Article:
God’s Grace

“For everyone has sinned; we all fall short of God’s glorious standard. Yet God, in his grace, freely makes us right in his sight. He did this through Christ Jesus when he freed us from the penalty for our sins. For God presented Jesus as the sacrifice for sin. People are made right with God when they believe that Jesus sacrificed his life, shedding his blood. This sacrifice shows that God was being fair when he held back and did not punish those who sinned in times past, for he was looking ahead and including them in what he would do in this present time. God did this to demonstrate his righteousness, for he himself is fair and just, and he makes sinners right in his sight when they believe in Jesus.”
Romans 3:23-26 NLT

Paul made a profound statement, unequivocally through the power and inspiration of the Holy Spirit, when he said, “God, in his grace, freely makes us right in his sight”. Just a few words, easy to say but rooted in the God-experience Paul enjoyed. What is this grace? Why is it so powerful? And how can we take advantage of it?

Grace, and in particular God’s grace, is a very fundamental truth for the Christian life. Without God’s grace we are a deluded people, wasting our lives on something pointless. But here’s the thing, because of His love for mankind, God chose to allow His Son, Jesus, to take on board our sins so that we could become righteous before Him. That’s grace. The acronym, God’s Riches At Christ’s Expense is so true. Grace isn’t something tangible. We can’t measure it, or prove that it exists through some scientific analysis. It’s not built into our education system. It doesn’t appear on our statute book. It is only available to us through another unmeasurable word – faith. The Apostle Paul wrote in Ephesians 2:8, “For it is by grace you have been saved, through faith – and this is not from yourselves, it is the gift of God.” Grace and faith walk hand in hand. But together they form an eternal combination. Our salvation depends on the grace of God, and our faith assures us that He means what He says, and what He did, through Jesus.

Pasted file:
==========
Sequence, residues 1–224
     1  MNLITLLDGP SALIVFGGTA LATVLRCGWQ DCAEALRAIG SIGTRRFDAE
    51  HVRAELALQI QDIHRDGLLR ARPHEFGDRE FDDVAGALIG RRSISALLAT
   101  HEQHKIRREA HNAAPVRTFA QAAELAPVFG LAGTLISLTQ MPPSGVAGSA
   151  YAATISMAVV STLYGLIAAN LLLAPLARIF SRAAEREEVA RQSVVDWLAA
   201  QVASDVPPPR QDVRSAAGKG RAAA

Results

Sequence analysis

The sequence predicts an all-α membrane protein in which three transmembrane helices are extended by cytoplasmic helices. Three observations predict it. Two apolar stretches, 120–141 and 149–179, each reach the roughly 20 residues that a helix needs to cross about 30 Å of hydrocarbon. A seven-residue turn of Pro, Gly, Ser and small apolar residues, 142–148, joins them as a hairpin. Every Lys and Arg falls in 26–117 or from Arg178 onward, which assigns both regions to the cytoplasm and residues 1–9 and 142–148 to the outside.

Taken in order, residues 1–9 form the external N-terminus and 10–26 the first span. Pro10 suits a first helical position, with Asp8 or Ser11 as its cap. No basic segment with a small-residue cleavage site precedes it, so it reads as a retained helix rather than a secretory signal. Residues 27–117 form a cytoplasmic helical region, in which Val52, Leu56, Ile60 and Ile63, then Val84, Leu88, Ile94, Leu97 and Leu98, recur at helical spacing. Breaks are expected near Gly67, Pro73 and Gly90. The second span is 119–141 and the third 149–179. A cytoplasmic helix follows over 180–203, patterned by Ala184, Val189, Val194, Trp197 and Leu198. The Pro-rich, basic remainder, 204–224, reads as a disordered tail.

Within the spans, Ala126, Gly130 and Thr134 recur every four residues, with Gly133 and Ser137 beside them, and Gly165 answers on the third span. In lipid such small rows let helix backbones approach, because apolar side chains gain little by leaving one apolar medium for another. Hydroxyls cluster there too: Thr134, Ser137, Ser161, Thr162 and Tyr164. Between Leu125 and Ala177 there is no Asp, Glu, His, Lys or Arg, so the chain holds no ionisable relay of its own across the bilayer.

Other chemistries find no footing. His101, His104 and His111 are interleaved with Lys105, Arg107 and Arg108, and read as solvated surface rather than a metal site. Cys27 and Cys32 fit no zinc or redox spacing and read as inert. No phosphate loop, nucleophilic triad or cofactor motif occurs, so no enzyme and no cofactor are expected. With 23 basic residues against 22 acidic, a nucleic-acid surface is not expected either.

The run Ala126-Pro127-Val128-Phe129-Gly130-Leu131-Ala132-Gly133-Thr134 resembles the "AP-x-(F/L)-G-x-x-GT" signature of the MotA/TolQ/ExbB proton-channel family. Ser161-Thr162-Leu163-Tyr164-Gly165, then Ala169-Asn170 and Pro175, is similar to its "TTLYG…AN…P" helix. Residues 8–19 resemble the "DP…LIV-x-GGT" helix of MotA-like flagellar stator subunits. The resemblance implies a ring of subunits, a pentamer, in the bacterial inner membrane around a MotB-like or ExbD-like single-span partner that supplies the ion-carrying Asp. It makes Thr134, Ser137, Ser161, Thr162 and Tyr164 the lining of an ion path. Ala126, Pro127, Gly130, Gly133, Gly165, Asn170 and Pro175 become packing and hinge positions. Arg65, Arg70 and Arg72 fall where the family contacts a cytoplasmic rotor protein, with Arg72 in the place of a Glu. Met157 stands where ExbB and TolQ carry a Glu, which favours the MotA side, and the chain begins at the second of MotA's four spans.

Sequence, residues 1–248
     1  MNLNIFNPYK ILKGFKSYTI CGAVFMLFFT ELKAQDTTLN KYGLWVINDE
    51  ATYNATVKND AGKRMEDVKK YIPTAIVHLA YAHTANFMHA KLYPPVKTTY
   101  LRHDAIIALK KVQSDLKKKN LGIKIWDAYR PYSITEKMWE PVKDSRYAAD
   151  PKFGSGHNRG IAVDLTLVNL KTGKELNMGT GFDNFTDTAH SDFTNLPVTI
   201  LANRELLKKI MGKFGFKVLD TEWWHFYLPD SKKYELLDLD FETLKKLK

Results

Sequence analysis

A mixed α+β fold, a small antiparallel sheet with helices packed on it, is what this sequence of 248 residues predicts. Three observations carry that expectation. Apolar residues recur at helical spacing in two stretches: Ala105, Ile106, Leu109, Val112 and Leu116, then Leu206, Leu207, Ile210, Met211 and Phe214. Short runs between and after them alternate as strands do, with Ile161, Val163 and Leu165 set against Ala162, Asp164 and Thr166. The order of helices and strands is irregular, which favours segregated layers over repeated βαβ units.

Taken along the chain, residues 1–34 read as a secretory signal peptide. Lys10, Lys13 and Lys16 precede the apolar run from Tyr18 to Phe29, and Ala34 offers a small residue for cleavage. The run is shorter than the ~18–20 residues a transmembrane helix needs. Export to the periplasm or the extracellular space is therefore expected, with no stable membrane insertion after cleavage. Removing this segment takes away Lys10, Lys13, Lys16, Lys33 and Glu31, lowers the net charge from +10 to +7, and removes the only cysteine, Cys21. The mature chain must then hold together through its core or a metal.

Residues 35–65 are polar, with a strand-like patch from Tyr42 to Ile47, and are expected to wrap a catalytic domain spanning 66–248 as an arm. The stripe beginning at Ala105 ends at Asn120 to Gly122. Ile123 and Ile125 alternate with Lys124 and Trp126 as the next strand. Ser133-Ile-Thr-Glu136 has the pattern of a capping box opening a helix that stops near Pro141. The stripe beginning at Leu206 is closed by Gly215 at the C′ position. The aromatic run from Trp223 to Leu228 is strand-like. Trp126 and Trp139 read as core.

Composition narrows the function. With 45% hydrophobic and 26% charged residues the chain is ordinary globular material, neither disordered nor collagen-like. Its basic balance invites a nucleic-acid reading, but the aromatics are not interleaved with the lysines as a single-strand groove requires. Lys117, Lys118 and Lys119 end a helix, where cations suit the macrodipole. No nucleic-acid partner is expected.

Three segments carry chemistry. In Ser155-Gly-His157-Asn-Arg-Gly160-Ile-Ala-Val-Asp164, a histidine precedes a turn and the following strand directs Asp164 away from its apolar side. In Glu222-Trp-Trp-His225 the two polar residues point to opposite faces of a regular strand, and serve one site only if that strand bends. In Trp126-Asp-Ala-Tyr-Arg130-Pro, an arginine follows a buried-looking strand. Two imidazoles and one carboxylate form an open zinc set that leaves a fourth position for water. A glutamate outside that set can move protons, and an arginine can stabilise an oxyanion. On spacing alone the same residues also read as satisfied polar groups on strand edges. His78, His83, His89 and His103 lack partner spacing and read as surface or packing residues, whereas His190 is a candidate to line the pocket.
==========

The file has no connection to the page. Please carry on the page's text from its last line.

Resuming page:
God’s grace is freely given, gifted to us, and is more valuable than anything man can devise. We have done nothing at all to deserve it. In fact, we deserve God’s judgement, not His grace. Earlier in Romans 3 we found just how depraved and wicked humanity is. And we think of the Apostle Paul, who was guilty of murdering the early Christians through his mistaken belief that they were a deviant sect that had to be eliminated. Yet even though he deserved the punishment meted out to murderers, through God’s grace he had an encounter with Jesus. An encounter so profound that it totally transformed his life. Saul the Pharisee became Paul the evangelist and writer of letters that have touched and helped millions of people over the time since he wrote them, and will continue to do so far into the future.

The saddest thing, though, is that most people have rejected this gift of grace. Imagine someone, perhaps a total stranger, offering you a package, all nicely wrapped up and one that you know contains something valuable. And yet, you turn away, rejecting it. Well, that is what most people do, and have done. The one thing that can assure us a future with God in an amazing place called Heaven, is despised and rejected. It doesn’t make sense somehow.

Most people feel uncomfortable in accepting a gift. They feel obliged to do something in return. But with God’s gift of grace, there is no response required. His gift is freely given without any expectation of repayment. His gift is not a loan either, requiring to be repaid one day. Through the gift, something of God is transferred to us, enriching our lives. And by accepting what He gives us, we also accept so much more, as He works in our lives, aiding our transformation into the people He wants us to be. 

Truly, the song “Amazing Grace” is just that, God’s amazing grace. “How sweet the sound that saved a wretch like me. I once was lost but now am found, was blind but now I see“. Words to dwell and meditate on; words penned by a man who really came to experience God’s grace. We have our own stories of amazing grace to tell as well. Let us not hold back as we walk this world, telling others about this free gift from God.

Dear Father God. Once again we thank You for Your free gift of salvation through Jesus. We worship You today. Amen.

Sinful Logic